h ayonstudio.com designsingapor e.org
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ARCHITECTURE IN PROCESS THROUGHOUT THE DIVERSE PORTFOLIO OF CSYA IS EVIDENCE OF A PROCESS-DRIVEN ARCHITECTURE, AN INVENTIVE APPROACH TO THE BRIEF, AND A THOUGHTFUL RESPONSE TO THE TROPICAL CLIMATE. T e x t
» F e l i c i a To h
P r o j e c t i m a g e s
» Courtesy of CSYA
Portr ait and Studio Photogr aphs
» Justin Loh
S o n n y C h a n S a u Ya n a n d P h i l i p Y o n g , Directors at Singapore-based architectural practice CSYA, are firm believers in the process of architecture, rather than knowable outcomes that are prescribed from the onset. “Architects are not plastic surgeons,” quips Yong. “When you go to a plastic surgeon, you want to know the exact nose and eye you will be getting, but when you go to an architect, it’s okay not to know, right?” In today’s Internet-savvy environment saturated with Pinterest mood images that clients may have at the ready, CSYA resists the temptation of instant architecture and advocates sticking through the process to its final outcome. “It can be quite unsettling for clients because they always want to find out what the end result will be. But we don’t really know what the end is until we finish. It’s a form of discovery,” Chan concurs.
COMMUNITY | PORTFOLIO
Chan founded CSYA in 1993 after leaving Kumpulan Akitek, having just clinched the commission for the Singapore Post Centre. Yong joined the practice in 2001, and for the past fifteen years the office has focused on exploration and learning. “I’ve always been involved in the school of architecture since coming back from the UK in 1964 – as an external critic and examiner,” says Chan. He continues, “I like practice as well as keeping in touch with the school.” He occupies the first level of their four-storey office, located within a shophouse on Keong Saik Road, and makes several trips upstairs daily to converse with the architects and designers at their desks. “It’s like a studio, just that the professor walks around and the students sit in different classrooms,” Yong reveals of their modus operandi. Eschewing official crits for the spontaneity of informal table discussions within project teams, the roles of Chan and Yong in studio direction overlap organically, unlike other practices where partners may specialise in specific areas. “We don’t split projects between us; Philip may drop in separately and make the crit, and the next day I may say something else,” Chan laughs. “This may confuse the architects but it also makes them stronger, as it pushes them to recognise or differentiate what we are trying to say.” This process has worked well for CSYA over the years, nourishing an explorative culture within the practice, where architects are given the freedom to initiate project concepts.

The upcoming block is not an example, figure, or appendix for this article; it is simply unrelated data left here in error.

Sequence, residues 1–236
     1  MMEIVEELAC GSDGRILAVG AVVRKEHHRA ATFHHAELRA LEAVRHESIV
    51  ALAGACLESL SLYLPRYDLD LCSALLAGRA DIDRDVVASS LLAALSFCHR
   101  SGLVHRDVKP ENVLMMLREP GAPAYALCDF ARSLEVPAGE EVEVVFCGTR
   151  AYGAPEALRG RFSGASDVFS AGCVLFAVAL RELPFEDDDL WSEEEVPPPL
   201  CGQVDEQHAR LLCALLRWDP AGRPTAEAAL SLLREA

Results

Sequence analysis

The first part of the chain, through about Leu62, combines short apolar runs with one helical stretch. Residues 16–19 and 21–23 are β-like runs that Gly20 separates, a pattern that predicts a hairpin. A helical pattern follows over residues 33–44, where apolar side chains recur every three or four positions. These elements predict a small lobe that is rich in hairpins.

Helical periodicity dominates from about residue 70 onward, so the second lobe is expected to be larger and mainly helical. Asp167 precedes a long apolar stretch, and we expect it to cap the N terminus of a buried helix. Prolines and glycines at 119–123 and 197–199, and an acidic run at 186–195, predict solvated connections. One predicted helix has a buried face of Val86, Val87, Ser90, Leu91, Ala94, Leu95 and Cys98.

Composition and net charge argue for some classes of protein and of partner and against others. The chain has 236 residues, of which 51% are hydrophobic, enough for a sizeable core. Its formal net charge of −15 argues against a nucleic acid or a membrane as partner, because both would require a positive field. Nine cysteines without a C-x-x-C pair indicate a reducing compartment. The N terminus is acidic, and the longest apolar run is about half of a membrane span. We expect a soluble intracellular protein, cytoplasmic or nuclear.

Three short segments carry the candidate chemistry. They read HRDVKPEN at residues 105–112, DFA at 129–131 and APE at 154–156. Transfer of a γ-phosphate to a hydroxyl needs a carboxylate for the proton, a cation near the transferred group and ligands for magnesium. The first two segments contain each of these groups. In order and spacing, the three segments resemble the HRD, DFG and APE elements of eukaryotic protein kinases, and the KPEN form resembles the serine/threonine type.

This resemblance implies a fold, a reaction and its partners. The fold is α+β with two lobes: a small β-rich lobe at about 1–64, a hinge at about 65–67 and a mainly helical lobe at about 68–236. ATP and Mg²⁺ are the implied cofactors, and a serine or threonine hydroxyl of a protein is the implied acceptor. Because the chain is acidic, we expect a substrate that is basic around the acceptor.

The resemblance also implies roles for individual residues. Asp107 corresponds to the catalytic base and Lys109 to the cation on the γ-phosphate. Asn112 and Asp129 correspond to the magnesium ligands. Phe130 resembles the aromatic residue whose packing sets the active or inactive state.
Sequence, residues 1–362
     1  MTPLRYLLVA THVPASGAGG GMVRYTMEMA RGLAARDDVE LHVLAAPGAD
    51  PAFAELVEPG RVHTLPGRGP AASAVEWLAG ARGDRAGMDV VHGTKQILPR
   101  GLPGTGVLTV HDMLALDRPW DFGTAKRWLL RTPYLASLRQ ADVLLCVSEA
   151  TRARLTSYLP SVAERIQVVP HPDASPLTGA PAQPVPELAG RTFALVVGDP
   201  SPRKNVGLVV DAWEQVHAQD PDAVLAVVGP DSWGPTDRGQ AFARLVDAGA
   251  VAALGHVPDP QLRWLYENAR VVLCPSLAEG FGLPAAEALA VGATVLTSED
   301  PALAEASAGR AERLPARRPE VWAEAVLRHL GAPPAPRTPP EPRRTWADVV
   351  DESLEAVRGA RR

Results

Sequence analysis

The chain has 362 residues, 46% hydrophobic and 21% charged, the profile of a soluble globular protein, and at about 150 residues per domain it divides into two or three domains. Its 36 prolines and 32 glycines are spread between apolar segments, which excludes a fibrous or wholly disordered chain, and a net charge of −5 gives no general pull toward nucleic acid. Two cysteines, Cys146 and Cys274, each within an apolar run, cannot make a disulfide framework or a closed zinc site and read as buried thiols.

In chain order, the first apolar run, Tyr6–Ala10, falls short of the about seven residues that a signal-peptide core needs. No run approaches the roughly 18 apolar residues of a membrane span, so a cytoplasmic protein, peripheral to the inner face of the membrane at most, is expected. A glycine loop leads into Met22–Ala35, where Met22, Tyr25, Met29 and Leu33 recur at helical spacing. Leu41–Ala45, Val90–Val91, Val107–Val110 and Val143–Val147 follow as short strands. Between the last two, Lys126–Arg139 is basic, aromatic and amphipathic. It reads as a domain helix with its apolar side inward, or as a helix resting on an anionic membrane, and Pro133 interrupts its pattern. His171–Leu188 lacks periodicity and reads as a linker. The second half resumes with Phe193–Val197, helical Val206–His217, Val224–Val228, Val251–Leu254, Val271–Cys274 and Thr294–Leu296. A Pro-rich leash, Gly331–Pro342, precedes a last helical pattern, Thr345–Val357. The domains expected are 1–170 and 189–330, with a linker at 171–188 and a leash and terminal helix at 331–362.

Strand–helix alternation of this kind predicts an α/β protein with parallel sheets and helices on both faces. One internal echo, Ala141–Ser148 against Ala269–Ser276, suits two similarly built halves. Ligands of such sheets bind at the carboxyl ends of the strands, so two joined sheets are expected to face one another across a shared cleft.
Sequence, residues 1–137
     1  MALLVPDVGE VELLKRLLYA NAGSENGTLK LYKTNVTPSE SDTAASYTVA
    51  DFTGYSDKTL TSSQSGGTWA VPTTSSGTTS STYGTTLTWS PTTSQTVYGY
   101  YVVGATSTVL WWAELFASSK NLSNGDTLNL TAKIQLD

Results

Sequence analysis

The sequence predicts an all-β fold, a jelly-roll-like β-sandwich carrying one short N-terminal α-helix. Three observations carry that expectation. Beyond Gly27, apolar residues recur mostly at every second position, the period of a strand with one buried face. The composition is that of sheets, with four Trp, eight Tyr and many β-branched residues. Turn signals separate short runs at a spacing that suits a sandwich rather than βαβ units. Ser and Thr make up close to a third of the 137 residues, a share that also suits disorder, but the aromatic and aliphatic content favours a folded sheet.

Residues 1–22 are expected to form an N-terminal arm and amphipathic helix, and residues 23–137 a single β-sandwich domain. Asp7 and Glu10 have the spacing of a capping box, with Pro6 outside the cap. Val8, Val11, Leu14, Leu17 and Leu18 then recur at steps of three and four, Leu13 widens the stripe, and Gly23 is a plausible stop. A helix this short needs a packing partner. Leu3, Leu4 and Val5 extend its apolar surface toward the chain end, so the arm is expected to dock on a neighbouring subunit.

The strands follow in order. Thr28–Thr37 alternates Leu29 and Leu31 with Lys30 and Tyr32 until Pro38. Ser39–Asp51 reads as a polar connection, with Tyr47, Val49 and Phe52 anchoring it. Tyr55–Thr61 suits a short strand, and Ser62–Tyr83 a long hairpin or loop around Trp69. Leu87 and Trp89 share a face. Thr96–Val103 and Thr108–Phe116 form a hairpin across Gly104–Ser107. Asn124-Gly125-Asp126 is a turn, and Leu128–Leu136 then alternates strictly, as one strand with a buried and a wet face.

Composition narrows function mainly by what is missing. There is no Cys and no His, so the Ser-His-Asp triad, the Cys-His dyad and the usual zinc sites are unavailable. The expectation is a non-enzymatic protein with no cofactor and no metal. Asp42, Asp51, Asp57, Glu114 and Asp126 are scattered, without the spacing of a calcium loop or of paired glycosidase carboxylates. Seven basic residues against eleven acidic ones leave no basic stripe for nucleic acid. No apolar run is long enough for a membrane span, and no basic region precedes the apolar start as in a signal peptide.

Left: A display of project presentation boards animates the CSYA meeting room in the first floor of the office. Photo by Justin Loh
Right: Directors Philip Yong (left) and Sonny Chan (right) pictured outside the Keong Saik Road shophouse that accommodates their studio. Photo by Justin Loh
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“OUR PORTFOLIO IS MULTI DIRECTIONAL; IT LOOKS CHAOTIC IN SOME WAYS BUT IT IS ACTUALLY VERY CONSISTENT.” » P h i l i p Yong
One of the visible outcomes of this iterative studio-driven process lies in the diversity of CSYA’s portfolio. Spanning from cluster housing projects such as Mont Timah to office buildings like Tokio Marine Centre in the CBD, landed houses to master plan-scale projects for HDB, the range is markedly diverse in terms of style, material choices and processes of resolution. However, an onlooker might observe several tenets that persist through these projects of various scales: CSYA’s responses to the tropical climate, and an inventive approach to the brief. As Yong notes, “Our portfolio is multi directional; it looks chaotic in some ways but it is actually very consistent.” Nassim Jade, a condominium completed in 1997, introduced balconies and the use of timber screens to Singapore before the Urban Redevelopment Authority incentivised balconies through gross floor area (GFA) exemptions. While fair-faced concrete is seemingly the rage in architectural circles today, Chan first employed it at Hyatt Kuantan (with Kumpulan Akitek) in 1976. “Things evolve. Trends come and go. We hope that the elements in our projects are not because of trends but because of what we believe in, and hopefully, the clients also believe in and accept,” says Yong. In spite of, or perhaps because of, the seemingly open-ended nature of exploration, both principals are cognizant of the need to convince clients to embark on this journey. Mont Timah, a cluster housing project of 32 strata units, endured a 14year gestation period that was interrupted by three economic recessions. The genius of this project lies in its plan. Units are clustered in groups of fours in a pinwheel arrangement. Each cluster pivots around four internal staircases and lifts, leaving the perimeter of each unit open with a corner view.